Researchers have also focussed on utilizing memory, multi swarms for eliminating premature convergence. Below are some of the studies which used additional external and internal memory (repository) to improve the performance of conventional PSO. Memory-based methods of PSO in literature has mainly concentrated on various methods through which the local and global best positions are selected and used. Coello et al. [10] determined the global best by choosing the best solutions from the external memory and the local best is updated concerning Pareto dominance. Hu et al. [11] used dynamic neighborhoods and employed an external memory to memorize all potential optimal solutions. In their work, the global best is selected among the candidates in the external memory by defining a neighborhood objective and an optimization objective functions. The global best is found among the particle’s neighbors, subject to the defined neighborhood objective.Wang et al. [12] presented a triggered Memory-Based PSO that adjusts the parameters of the PSO when the search space changes over time. In this method, a predefined number of globally best positions are maintained and reintroduced into the population when necessary. Acan and Gunay [13] placed a single globally best position along with some finite number of globally worst positions. At the end of each iteration, some randomly chosen particles are replaced by applying crossover operator. In another work of Acan [13], each particle maintains global and local memory. A colony consisting of these positions is constructed where the velocity and position of particles are updated in each iteration. Here, the new positions are evaluated where the best replace the particle’s current velocity.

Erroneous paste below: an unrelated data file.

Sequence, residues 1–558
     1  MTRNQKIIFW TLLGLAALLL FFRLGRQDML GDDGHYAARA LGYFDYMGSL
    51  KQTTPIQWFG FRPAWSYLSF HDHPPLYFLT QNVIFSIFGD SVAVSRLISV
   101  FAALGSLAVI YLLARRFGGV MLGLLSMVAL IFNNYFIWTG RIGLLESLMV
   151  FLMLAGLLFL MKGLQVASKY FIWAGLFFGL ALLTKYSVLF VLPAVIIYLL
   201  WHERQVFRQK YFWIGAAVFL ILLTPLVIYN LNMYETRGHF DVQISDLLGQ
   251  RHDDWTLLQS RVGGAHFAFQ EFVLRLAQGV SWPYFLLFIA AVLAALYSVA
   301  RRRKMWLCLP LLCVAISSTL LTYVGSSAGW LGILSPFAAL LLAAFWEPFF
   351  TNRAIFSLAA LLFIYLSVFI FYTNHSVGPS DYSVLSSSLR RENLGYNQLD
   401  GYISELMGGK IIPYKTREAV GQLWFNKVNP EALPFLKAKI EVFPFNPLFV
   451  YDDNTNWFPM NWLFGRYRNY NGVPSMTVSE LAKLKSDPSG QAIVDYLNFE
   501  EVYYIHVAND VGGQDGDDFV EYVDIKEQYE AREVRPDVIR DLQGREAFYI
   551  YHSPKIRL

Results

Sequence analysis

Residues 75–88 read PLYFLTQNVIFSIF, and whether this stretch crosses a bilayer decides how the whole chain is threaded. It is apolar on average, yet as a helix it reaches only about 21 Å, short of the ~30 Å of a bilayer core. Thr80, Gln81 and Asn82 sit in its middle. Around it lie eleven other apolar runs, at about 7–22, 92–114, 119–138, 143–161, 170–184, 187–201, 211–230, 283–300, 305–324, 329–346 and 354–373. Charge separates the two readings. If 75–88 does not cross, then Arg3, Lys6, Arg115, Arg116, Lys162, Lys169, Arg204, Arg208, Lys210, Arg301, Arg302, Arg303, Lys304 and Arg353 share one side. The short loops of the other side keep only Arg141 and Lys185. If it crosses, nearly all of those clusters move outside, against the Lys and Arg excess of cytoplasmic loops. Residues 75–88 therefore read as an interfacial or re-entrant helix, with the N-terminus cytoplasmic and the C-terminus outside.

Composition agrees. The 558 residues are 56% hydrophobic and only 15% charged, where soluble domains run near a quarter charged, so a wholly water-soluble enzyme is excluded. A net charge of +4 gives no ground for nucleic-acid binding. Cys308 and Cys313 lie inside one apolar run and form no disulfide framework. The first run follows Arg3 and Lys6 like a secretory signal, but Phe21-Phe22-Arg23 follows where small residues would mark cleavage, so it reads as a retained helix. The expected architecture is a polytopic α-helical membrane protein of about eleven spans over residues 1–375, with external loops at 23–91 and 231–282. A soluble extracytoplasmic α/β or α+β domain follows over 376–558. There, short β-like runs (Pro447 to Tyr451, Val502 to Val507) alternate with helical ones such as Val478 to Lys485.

Tang and Fang [14] described an approach which accumulates the historical cognition by using deep extended memory and improved the performance of convergence speed by introducing a new learning method for cognition. Shahriar and Sima [15] presented an extension to PSO that utilizes two separate external memories in which a set of globally found best and worst positions are stored along with their parameters. At each iteration, the distance of current particle to the closest best and closet worst particles are calculated. Jie et al. [16] proposed a composite PSO algorithm namely HMPSO in which each particle has three candidate positions. These positions are generated from the historical memory, particles’ current pbests, and the swarm’s gbest. The above approaches re-introduce the globally best position into the population during the search. Majority of the memory related works in the literature theoretically concentrated on using the memory (which is either external or additional) to utilize the information from their historical cognizance.